WSU Cougar Head Logo Washington State University
WSU Insider
News and Information for Faculty, Staff, and the WSU Community

No known cases of swine flu in Washington state

No cases of swine flu have been detected in Washington state, according to a press release by the state’s Department of Health, and the risk of exposure is currently low.
 
Both the Department of Health and the national Centers for Disease Control have issued several press releases on the swine flu outbreak and posted informational Web pages regarding the situation.
 
As of this morning, the CDC had identified approximately 40 cases of swine flu nationwide, with no identified cases in the state of Washington.
 
Although the risk of people of contracting the swine flu in Pullman  is low, WSU’s Pandemic/Contagious Disease Group is monitoring the data on the international flu outbreak and any possible affects this could have on WSU. (Updates will be provided on the WSU Alert site.)
 
Illness and symptoms from the new swine flu strain are “no more severe than other influenza,” according to the state Department of Health.
 
Below is a list of facts released by the state Department of Health, as well as links to additional information via the CDC.
 
WSDOH Swine Flu Facts
 
Federal health officials are investigating several cases of a new strain of swine flu. This new strain of influenza virus appears to have developed from a flu virus found in swine.
 

What can you do to stay healthy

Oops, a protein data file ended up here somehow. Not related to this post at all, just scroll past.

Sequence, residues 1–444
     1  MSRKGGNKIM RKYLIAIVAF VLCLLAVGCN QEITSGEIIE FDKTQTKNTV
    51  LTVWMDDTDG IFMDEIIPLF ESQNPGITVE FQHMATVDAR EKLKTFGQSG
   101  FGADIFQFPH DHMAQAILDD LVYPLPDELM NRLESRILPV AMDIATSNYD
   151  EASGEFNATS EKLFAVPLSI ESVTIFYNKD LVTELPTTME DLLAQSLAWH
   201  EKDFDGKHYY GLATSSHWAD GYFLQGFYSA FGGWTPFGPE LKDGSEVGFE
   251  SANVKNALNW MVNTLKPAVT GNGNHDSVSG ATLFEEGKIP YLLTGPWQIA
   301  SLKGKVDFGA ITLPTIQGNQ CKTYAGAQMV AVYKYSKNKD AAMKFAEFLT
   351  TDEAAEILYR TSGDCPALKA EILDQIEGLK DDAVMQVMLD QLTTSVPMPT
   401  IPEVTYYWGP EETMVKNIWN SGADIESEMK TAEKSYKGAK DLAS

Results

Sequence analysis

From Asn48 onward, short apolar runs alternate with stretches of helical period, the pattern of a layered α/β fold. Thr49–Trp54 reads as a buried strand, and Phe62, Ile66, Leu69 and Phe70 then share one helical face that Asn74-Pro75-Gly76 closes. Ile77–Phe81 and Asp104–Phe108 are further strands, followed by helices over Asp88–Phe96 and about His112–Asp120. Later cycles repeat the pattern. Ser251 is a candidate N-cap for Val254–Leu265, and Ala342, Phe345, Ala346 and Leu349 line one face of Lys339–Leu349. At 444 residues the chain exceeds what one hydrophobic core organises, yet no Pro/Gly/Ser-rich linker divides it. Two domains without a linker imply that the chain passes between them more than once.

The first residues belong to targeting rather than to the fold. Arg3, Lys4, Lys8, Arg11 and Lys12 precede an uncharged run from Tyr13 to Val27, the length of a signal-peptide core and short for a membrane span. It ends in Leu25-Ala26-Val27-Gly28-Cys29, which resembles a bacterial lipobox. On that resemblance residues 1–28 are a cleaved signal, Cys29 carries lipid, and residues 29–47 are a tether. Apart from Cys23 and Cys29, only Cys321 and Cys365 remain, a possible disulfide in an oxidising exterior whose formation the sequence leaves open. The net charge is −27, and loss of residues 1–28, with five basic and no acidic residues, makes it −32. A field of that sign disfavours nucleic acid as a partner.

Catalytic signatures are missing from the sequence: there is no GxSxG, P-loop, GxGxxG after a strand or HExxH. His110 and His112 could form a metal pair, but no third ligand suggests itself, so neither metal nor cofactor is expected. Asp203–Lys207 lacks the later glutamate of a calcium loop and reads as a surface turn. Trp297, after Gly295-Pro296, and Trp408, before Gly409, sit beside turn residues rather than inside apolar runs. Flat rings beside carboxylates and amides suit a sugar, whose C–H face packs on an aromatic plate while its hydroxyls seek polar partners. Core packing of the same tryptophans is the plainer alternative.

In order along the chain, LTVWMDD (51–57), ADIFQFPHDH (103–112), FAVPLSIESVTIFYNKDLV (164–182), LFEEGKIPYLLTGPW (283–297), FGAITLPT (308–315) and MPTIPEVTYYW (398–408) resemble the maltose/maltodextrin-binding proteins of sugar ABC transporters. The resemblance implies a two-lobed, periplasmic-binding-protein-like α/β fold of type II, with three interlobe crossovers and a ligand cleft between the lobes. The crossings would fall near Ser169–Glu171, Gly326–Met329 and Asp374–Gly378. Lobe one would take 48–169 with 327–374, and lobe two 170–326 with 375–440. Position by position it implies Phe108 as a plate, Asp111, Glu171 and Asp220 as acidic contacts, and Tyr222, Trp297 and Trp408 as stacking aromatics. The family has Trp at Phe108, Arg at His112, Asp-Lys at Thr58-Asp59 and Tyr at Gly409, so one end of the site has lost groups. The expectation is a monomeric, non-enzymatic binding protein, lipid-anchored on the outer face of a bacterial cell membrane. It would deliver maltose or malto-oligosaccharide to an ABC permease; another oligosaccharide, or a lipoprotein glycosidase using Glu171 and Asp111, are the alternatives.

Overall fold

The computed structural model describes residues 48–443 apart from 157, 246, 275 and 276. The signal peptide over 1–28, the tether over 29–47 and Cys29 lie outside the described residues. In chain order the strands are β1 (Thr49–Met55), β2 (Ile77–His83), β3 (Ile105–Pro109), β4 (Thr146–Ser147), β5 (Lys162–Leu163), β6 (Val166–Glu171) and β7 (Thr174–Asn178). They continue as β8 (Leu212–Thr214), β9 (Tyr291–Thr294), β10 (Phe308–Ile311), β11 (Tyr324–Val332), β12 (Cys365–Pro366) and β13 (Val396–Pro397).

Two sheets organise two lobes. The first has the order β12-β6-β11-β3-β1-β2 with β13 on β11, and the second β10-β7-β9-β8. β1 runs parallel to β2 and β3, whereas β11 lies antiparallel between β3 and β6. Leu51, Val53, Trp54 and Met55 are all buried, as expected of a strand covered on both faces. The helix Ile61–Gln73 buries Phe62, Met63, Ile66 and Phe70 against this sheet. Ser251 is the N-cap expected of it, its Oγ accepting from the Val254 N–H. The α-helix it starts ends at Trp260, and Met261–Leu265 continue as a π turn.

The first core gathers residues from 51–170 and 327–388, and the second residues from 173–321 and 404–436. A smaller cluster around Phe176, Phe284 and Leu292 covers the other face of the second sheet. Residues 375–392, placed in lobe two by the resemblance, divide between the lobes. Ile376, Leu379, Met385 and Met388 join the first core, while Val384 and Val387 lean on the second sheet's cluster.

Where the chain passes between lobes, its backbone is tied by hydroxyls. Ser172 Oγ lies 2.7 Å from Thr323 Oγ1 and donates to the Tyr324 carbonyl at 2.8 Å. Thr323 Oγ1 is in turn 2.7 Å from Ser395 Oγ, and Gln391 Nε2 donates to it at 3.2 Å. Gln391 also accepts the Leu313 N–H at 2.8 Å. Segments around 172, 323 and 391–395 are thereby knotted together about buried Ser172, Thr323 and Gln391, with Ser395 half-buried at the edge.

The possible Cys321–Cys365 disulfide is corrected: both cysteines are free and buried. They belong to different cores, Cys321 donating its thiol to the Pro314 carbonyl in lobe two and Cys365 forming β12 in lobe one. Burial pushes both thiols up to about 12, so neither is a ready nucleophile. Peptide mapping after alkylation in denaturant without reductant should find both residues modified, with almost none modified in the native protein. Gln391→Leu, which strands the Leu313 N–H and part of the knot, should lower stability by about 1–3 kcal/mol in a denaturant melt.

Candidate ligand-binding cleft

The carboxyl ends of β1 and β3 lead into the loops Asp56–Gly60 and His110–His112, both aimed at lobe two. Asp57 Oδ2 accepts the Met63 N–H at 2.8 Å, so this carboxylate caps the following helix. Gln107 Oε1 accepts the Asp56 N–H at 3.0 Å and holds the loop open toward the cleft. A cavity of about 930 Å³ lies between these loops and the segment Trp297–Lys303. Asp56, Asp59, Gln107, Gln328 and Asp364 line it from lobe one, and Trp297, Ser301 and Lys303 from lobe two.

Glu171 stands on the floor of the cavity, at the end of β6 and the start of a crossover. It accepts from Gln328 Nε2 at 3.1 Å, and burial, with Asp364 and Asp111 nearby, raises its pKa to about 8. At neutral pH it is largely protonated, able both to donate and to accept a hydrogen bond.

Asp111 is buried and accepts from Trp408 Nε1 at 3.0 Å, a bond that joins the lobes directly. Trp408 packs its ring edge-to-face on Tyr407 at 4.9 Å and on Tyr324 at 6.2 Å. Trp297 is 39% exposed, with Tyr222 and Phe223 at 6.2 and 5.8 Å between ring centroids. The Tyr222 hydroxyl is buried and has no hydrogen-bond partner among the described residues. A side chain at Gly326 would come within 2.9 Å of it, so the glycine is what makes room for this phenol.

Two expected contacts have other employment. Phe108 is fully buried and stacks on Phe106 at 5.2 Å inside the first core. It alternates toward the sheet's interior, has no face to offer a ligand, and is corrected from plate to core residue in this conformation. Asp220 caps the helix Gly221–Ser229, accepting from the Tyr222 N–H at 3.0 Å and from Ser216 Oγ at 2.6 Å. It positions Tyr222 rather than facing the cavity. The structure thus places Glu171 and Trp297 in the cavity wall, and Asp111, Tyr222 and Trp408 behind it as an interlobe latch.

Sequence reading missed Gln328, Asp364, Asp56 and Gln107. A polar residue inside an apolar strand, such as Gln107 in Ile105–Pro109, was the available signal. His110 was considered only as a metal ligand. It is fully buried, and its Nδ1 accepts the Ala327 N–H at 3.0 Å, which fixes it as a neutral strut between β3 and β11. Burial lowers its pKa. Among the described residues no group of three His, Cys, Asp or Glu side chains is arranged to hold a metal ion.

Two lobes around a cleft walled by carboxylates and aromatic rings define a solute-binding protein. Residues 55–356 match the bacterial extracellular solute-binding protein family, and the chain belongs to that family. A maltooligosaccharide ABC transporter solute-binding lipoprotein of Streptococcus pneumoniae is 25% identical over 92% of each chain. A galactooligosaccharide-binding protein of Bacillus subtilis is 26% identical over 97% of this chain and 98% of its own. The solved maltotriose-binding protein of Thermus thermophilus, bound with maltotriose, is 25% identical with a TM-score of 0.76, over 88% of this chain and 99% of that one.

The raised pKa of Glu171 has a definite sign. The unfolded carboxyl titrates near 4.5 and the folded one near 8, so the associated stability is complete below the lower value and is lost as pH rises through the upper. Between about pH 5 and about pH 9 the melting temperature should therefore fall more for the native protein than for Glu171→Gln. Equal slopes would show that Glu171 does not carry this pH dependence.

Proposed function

There are everyday actions people can take to
stay healthy.

  • Cover your nose and mouth with a tissue
    when you cough or sneeze. Throw the tissue
    in the trash after you use it.
  • Wash your hands often with soap and water,
    especially after you cough or sneeze. Alcohol
    -based hands cleaners are also effective.

  • Avoid touching your eyes, nose or mouth.
    Germs spread that way.
  • Try to avoid close contact with sick people.
    Influenza is thought to spread mainly person-
    to-person through Coughing or sneezing of
    infected people.
  • If you get sick, CDC recommends that you
    stay home from work or school and limit
    contact with others to keep from infecting
    them.

There are no cases in Washington. Cases have been reported in Texas and Southern California. The Centers for Disease Control and Prevention (CDC) has also identified cases of influenza in Mexico that are due to this new strain.

 
State and local health are monitoring the national investigation and have notified health care providers around the state that a new strain of swine flu has been identified. The DOH is in close contact with the CDC and are receiving regular updates.
 
In Washington, it’s normal each flu season to have a few strains of influenza that cannot be completely identified and samples are sent to CDC for identification. We’ve had a few this flu season; all of them were submitted to CDC for testing before the new swine flu strain was reported.
 
We have no reason to believe there are cases of the news strain of swine flu in our state.
 
Anyone who is sick with a respiratory illness and fever should stay home, wash their hands often, cover their cough, and see a health care provider.
 
According to federal health officials, the people who’ve had this strain of flu recovered.
 
Illness and symptoms from the new swine flu strain are no more severe than other influenza; standard antiviral medication such as Tamiflu is an effective treatment.